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Book Review: Death's End, by Cixin Liu

The conclusion of the trilogy ends on a galactic scale.


Death's End

Tor, 2016, 604 pages



With The Three-Body Problem, English-speaking listeners got their first chance to experience the multiple-award-winning and best-selling Three-Body Trilogy by China's most beloved science fiction author, Cixin Liu.

Three-Body was released to great acclaim, including coverage in The New York Times and The Wall Street Journal. It was also named a finalist for the Nebula Award, making it the first translated novel to be nominated for a major SF award since Italo Calvino's Invisible Cities in 1976. Now this epic trilogy concludes with Death's End.

Half a century after the Doomsday Battle, the uneasy balance of Dark Forest Deterrence keeps the Trisolaran invaders at bay. Earth enjoys unprecedented prosperity due to the infusion of Trisolaran knowledge. With human science advancing daily and the Trisolarans adopting Earth culture, it seems that the two civilizations will soon be able to coexist peacefully as equals, without the terrible threat of mutually assured annihilation. But the peace has also made humanity complacent.

Cheng Xin, an aerospace engineer from the early 21st century, awakens from hibernation in this new age. She brings with her knowledge of a long-forgotten program dating from the beginning of the Trisolar Crisis, and her very presence may upset the delicate balance between two worlds. Will humanity reach for the stars or die in its cradle?




The conclusion of Cixin Liu's trilogy, that began with the Hugo-winning The Three-Body Problem, is as epic as any space opera ever written, and while it was not a perfect book, it deserves to rank highly in the SF canon.

Warning: Spoilers for the first two books.

In book one, The Three-Body Problem, Earth first became aware of the Tri-Solarans, an alien civilization that was already en route to conquer Earth. Coming from light years away in sub-light ships, this gave Earth centuries to prepare, but Tri-Solarian technology was such that, even given centuries to catch up, Earth was still facing almost impossible odds.

The second book, The Dark Forest, expanded the epic scale of the conflict and introduced grand ideas in the best tradition of classic science fiction. Yet it had problems with characterization and the writing, possibly because American sci-fi author Ken Liu, who translated the first and last book, did not translate the middle volume. In The Dark Forest, we learned that the universe is a vast and hostile place, where every civilization that reaches a level of technology sufficient to detect other civilizations assumes, from a game-theoretic point of view, that all other civilizations are existential threats and must be eliminated upon detection. Thus, for a civilization to reveal itself is to commit suicide, for some other civilization out in the cosmos will immediately send a doomsday weapon that will put out your star and extinguish all life in your solar system. Every civilization that survives understands this, and so the universe is a vast "dark forest" where anyone stupid enough to shine a light is making themselves a target for all the unseen hunters.

So guess which civilization was stupid enough to shine a light?

Book two ended with the Tri-Solarans still on their way to conquer Earth. In book three, they arrive.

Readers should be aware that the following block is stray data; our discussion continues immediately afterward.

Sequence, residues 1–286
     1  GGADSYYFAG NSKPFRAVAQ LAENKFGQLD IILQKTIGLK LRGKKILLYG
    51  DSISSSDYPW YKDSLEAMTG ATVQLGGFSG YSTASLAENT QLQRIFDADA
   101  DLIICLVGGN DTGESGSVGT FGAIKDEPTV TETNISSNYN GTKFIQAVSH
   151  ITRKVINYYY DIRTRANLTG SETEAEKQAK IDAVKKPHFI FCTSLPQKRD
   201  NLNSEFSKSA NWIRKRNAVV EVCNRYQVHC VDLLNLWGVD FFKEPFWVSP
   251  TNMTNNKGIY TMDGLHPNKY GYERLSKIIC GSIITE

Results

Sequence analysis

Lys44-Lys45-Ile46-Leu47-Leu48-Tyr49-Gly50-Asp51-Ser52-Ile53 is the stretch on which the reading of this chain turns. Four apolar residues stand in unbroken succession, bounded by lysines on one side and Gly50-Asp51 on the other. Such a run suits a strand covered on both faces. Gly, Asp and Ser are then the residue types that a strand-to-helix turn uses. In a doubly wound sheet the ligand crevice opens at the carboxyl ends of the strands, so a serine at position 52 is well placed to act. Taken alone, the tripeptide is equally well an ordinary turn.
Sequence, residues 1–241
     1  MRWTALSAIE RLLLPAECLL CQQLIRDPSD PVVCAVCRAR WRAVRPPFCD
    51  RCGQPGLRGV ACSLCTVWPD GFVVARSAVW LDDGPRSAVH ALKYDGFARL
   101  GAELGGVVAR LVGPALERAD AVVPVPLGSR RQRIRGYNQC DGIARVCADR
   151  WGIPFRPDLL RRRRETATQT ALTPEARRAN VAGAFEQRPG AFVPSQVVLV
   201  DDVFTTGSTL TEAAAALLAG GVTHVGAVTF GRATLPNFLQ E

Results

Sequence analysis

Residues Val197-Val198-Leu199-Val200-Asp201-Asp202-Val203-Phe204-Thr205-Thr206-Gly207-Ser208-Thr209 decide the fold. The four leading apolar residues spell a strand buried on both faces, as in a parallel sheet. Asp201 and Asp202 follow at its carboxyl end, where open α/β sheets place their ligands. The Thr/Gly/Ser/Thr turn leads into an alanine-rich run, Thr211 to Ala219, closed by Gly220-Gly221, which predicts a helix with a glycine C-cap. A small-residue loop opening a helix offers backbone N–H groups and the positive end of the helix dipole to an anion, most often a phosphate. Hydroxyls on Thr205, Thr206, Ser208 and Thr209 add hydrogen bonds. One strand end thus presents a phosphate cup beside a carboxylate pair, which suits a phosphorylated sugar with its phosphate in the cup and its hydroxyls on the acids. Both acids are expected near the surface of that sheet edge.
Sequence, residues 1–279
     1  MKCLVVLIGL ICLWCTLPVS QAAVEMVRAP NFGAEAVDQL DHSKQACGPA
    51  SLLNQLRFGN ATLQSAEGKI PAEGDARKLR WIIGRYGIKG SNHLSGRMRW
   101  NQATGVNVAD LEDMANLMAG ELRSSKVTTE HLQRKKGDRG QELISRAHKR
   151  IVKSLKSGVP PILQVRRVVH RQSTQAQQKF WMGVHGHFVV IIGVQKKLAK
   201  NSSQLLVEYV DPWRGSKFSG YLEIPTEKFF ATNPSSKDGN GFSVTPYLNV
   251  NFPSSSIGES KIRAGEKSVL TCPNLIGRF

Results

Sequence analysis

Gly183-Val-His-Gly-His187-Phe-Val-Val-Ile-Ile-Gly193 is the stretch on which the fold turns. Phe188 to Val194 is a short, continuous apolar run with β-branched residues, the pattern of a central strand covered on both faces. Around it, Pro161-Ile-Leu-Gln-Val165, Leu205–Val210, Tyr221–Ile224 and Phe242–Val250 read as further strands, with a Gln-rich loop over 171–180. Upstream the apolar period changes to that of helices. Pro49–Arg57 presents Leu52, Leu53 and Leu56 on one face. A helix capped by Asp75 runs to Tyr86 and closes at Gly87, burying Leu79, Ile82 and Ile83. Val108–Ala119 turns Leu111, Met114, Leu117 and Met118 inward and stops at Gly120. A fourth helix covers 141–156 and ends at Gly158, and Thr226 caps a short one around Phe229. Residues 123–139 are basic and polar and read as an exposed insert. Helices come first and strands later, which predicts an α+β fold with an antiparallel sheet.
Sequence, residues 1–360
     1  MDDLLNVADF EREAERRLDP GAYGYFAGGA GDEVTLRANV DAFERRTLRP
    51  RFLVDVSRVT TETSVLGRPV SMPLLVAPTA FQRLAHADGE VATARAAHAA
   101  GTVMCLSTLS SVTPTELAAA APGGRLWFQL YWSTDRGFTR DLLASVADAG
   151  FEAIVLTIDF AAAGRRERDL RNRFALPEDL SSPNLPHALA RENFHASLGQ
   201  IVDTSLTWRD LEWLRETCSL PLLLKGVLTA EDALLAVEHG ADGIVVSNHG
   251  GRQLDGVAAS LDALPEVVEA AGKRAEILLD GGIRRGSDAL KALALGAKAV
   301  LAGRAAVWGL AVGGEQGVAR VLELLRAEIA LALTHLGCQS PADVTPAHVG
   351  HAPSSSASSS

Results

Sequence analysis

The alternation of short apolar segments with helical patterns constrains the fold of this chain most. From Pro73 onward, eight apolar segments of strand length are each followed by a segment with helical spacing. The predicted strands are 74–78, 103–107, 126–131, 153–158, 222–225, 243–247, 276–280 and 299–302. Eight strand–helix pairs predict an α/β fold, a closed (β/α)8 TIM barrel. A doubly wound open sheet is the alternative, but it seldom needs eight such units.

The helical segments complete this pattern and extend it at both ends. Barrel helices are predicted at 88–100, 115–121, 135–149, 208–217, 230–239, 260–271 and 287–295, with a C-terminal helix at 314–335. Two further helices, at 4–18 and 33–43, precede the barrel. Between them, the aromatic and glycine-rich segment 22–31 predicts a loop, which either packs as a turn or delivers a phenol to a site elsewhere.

Death's End spans centuries, and contains revelation after revelation after doomsday, apocalyptic revelation. The Tri-Solarans, having been held off by a sort of interstellar Mutually Assured Destruction pact created by humanity, exist in an uneasy truce with Earth, sharing culture and technology while always being aware that mankind has its finger on a deadman switch, ready to push it at the first sign of betrayal.

It's fairly obvious to the reader that the now "peaceful" Tri-Solarans are just biding their time, and inevitably, there is a showdown, in a high tension situation where one woman is literally responsible for the fate of the human race.

This is only at about the halfway point of the novel, though!

Eventually, humans and Tri-Solarans have to face the threat of even greater powers out in the galaxy. Centuries pass while doom still hangs over everyone's heads - you may know your civilization is doomed, but you don't know exactly when the day of doom will arrive. Clever and ingenious and mad humans seek escape routes, solutions to puzzles involving technology capable of literally reshaping reality, and every time it seems there might be hope, mankind just gets screwed again. And yet continues to survive.

Cixin Liu is a fan of Asimov, Clark, and probably E.E. "Doc" Smith as well. This trilogy, originally written in Chinese, sometimes emerges with slightly stilted prose and ideas that aren't immediately accessible to a Western audience, but you can see the Western influence and science permeating Liu's writing. It's a grand epic space opera involving battling starfleets, planet-killing weapons, travels between dimensions, and a hot sexy alien ninja robot. There is action, adventure, romance, and Big Ideas. Sometimes the characters behave in a manner that seems slightly absurd, but given the situations they are in, maybe it's understandable.

If you like the works of the authors I mentioned above, or Alastair Reynolds, Peter Hamilton, David Brin, or anyone else who writes about super-powered galactic civilizations waging wars that span millennia, then this is definitely a series you need to read.



Also by Cixin Liu: My reviews of The Three-Body Problem and The Dark Forest.




My complete list of book reviews.
Tags: books, cixin liu, reviews, science fiction
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